It could be as simple a factor as that it all started off with the anticipation of a very short game involving a celebrity, a description which made me interest-weary. Then came the business of chasing up the milk itself, which was almost hard slog. The guests are understandably wary of your bugging each of them for milk, and the encounters are structured around the pains of you trying to extricate the needed gallons in the face of ridiculous verbal and physical hurdles. These hurdles somehow reminded me in nature of the kind of conversations I’d expect to have to suffer in hell, were I to end up there, albeit shorter in length. It's testament to some kind of effectiveness of what the game is doing along these lines that I did feel aggravated by the hurdles, even though they are less "real" than they might be in a parser-based game, where you could become physically or literally stuck against a puzzle. That can't happen to you in Milk Party, but I was still a bit teeth-gnashy throughout the experiences described in the prose.

So even though Milk Party is not all that long, it feels strenuous. Its brand of absurd thwarting is legitimate comedy fodder – and I found some of it funny – but that wasn't enough to drive me to want to engage with its stuff. Deep down in my heart of hearts, I did not feel motivated to care about getting milk for Alec Baldwin, as fine an actor as he is, and thus I did not get into the shenanigans involved in doing so.


5 Minutes to Burn Something!, by Alex Butterfield

2 of 2 people found the following review helpful:
Toasters are not the greatest thing since sliced bread., November 18, 2015
by Wade Clarke (Sydney, Australia)
Related reviews: IFComp 2015, Inform, comedy

(This is an edited version of a review I originally blogged during the 2015 IFComp.)

In 5 Minutes To Burn Something! you've got to start a fire in your apartment to cover the false alarm raised by your toaster before the firemen arrive, thus avoiding a false alarm fine. Sure, this is a damagingly uncivilised course of action, but the whole game leans obviously to the silly.

5 Minutes is an incarnation of the most staple of staples of the IF Competition: A parser game in which you have to solve an impractical physical problem in a closed environment using a disparate bunch of props before a time limit runs out. Other staple factors include the environment being the player's apartment, a wack approach to humour and the prose's fixation on the PC's crummy ex.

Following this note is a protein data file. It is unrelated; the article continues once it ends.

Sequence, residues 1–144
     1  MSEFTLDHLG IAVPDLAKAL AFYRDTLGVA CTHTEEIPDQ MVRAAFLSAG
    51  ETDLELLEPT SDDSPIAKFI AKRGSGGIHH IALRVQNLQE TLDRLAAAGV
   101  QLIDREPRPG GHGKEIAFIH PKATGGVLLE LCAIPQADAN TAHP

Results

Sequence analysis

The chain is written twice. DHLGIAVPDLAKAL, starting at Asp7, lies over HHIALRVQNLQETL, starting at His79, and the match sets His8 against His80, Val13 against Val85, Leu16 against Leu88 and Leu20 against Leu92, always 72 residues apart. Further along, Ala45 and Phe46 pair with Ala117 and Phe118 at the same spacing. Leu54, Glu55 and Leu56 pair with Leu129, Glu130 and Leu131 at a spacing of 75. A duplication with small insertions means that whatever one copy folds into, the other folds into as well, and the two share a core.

5 Minutes does all its basic stuff right and exhibits some touches of advanced mindfulness: Certain commands don't waste your precious turns, there's a complete and context-sensitive hint system, some text is formatted in colour, etc. It's an old school-leaning adventure in the sense that the relationships between the puzzles and the solution objects can be pretty abstruse; it certainly requires a try everything on everything mindset embracing kitchenware, bathroomware and miscellaneous apartment crap. The implementation is too fuzzy for the fiddliness of the puzzles, leading to some guess the verb problems and uneasiness about whether you've really investigated each prop thoroughly.

I did come to feel that I knew my apartment very well during play, but the PC's constant harping on her ex-boyfriend through the lens of object descriptions tired me. This was the primary means of giving the PC some character. The danger with this game's kind of wack tone is that it can easily blanket all of the content. If I found the conjured boyfriend to be a caricature of a jerk, I found the PC to be a caricature of someone who dated a jerk and then never shut up about it. So I didn't find the game to be as funny as it probably hoped it would be.


Female Experience Simulator, by Alyson Macdonald

7 of 7 people found the following review helpful:
Has just one point to make, but is funny about it, March 21, 2015
by Wade Clarke (Sydney, Australia)
Related reviews: choice-based, Twine, comedy

A quick CYOA in which - in game parlance - you die and must restart after every second move because whatever you decide to wear and wherever you choose to go (two choices) you are sexually harassed by a man or men.